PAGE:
Washington boss picks up 100th winSchrader spreads 30-year career over 6 different programs
The Washington football head coach is as humble and low-key as it gets. He’s got a blue-collar mentality that has served him well in 30 years of coaching. So much to the point that his players have little inkling of his accomplishments as a coach.
For instance, Randy Schrader knew all along that he needed five wins this season to reach 100 for his career. He kept mostly everyone on the team in the dark for this one.
“My understanding is that it was his 100th victory, but no one had a clue,” said senior Tanner Knupp. “I didn’t know until Sunday. He is the kind of guy that is going to keep that to himself. I’m sure half the team still doesn’t know.”
If Knupp, a player who has started varsity during three of Schrader’s four years at Washington, didn’t have prior knowledge of the win — none of the players did.
Schrader was more concerned about his team taking care of Williamsburg to take firm control of first place in the district.
“Coach Schrader is a good guy,” Knupp said. “He will harp on you. After Friday night’s game — he is not a coach that said this is on me — he didn’t go home and celebrate; he gave everyone a hug and congratulated everyone.”
With almost a week to let his 100th win settle, Schrader talked openly about it and expressed gratitude.
“You win 100 games, because you coach great kids,” Schrader said. “You have great coaches to work with. It had nothing to do with what I have done. I went into a lot of programs that weren’t very good when I got there. We were able to turn most of them around.”
His first coaching job was at Dow City-Arion for one season, Clarinda for five years, North Scott nine years for his longest stint, three at Davenport West and four each at Rockford College and Washington.
“It’s not about me; I feel great to do it,” Schrader said. “It is a milestone that every coach that gets in the business shoots for.”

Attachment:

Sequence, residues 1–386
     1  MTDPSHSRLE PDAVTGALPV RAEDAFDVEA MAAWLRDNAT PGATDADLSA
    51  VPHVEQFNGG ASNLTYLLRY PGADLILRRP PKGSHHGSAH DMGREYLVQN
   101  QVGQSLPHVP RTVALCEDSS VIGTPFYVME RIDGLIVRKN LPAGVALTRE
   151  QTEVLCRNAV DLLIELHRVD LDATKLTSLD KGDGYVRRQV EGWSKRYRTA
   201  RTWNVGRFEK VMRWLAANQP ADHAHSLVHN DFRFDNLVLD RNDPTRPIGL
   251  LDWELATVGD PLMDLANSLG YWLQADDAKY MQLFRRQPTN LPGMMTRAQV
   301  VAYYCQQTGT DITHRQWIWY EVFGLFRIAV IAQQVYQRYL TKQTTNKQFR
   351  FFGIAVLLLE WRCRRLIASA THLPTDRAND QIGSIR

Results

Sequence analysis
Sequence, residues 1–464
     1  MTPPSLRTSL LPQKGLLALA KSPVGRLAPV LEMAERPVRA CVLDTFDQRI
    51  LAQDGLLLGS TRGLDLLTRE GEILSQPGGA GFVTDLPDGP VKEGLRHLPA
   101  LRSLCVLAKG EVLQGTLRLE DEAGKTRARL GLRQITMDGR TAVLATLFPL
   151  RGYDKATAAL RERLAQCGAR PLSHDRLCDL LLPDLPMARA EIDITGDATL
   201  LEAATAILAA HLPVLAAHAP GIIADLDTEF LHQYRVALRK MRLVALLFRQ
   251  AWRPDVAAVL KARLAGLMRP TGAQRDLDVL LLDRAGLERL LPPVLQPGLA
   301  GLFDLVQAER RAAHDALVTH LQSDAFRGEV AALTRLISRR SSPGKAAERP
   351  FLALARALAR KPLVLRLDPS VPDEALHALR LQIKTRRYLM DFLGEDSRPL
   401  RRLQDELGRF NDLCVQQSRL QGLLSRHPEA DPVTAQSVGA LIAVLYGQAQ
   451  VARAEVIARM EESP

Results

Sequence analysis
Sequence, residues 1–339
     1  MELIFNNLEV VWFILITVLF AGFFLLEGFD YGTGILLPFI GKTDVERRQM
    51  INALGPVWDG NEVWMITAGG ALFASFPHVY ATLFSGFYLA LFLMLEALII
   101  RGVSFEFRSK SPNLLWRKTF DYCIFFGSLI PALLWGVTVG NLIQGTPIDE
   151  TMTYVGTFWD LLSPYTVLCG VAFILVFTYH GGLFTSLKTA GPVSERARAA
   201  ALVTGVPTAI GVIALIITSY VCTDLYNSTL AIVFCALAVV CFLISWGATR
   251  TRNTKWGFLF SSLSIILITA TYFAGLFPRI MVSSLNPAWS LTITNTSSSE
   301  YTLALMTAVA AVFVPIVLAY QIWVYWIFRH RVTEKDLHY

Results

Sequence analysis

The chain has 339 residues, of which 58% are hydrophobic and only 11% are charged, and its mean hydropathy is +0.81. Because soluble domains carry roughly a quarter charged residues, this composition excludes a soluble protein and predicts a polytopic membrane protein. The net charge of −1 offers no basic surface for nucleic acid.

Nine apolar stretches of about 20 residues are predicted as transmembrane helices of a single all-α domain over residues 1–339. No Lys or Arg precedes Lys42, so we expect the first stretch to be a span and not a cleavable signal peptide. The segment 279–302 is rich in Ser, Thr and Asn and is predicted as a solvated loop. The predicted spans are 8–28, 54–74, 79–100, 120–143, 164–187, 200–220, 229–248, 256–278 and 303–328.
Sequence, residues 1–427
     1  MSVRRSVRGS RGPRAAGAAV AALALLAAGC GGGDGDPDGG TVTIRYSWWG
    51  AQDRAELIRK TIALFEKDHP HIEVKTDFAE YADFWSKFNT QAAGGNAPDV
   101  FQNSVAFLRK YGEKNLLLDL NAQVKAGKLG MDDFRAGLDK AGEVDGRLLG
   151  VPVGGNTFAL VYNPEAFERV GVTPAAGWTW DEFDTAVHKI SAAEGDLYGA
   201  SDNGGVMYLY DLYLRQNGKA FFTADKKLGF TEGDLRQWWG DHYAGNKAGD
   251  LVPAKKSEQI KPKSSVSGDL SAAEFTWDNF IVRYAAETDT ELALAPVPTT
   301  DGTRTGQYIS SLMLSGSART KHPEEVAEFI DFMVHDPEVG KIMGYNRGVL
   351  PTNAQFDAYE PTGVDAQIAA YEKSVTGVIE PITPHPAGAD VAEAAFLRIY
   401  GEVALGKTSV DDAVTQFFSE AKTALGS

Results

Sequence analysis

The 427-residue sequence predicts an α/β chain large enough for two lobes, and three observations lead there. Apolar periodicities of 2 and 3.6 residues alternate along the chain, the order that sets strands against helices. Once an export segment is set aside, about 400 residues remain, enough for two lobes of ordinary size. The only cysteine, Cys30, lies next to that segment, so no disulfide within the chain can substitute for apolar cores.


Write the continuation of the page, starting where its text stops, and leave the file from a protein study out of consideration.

In his first three seasons with the Demons, he has increased his win total every year from 3-6 to 5-5 to 7-4. This season he is off to his best start at the school and needs three wins to top last year’s total, just six games into the season.
“(At) 5-1 (this) is our best start, but we want to have our best finish,” Schrader said “There is one stat that matters and that is at the end of the year.”
Still fresh on Knupp’s mind is how hard Schrader pushed his players in the first two weeks of the preseason last year.
“I had probably 15-20 people come up to football players and ask if everything was OK,” Knupp said. “Coach Schrader probably lost three years of his life because he was yelling and harping so much.”
There wasn’t one win or one season that Schrader, the dean of students, is most proud of, but rather the relationships he developed with his players. The Clarinda program is now coached by his former player Mark Schilb.
The variety of professionals stretches far beyond the football field.
“The success these kids have had,” Schrader said. “Some of them are dads, doctors, lawyers, physical therapists, coaches and farmers. There were hundreds of kids we had the chance to work with.”
He has seen the ups and the downs of the coaching ranks as a state semifinalist and as the coach of a winless team.
“You probably coach the hardest and do your best as a coach when you are not having those winning seasons,” Schrader said. “The talent might not be there or an injury comes up.”
His wife, Denise, has been by his side for the past three decades.
“I have a great wife; I’m married to the quintessential coach’s wife,” Schrader said.
Denise said her husband still gets e-mails from players from 15-20 years ago.
“Most of it is about life skills and discipline about being on time, respectful, humble and discipline around hard work,” Denise said.
These are all principles that Schrader instilled in high school kids who have grown into men.
Schrader’s tone says it all — his family and players mean more to him than the number of wins.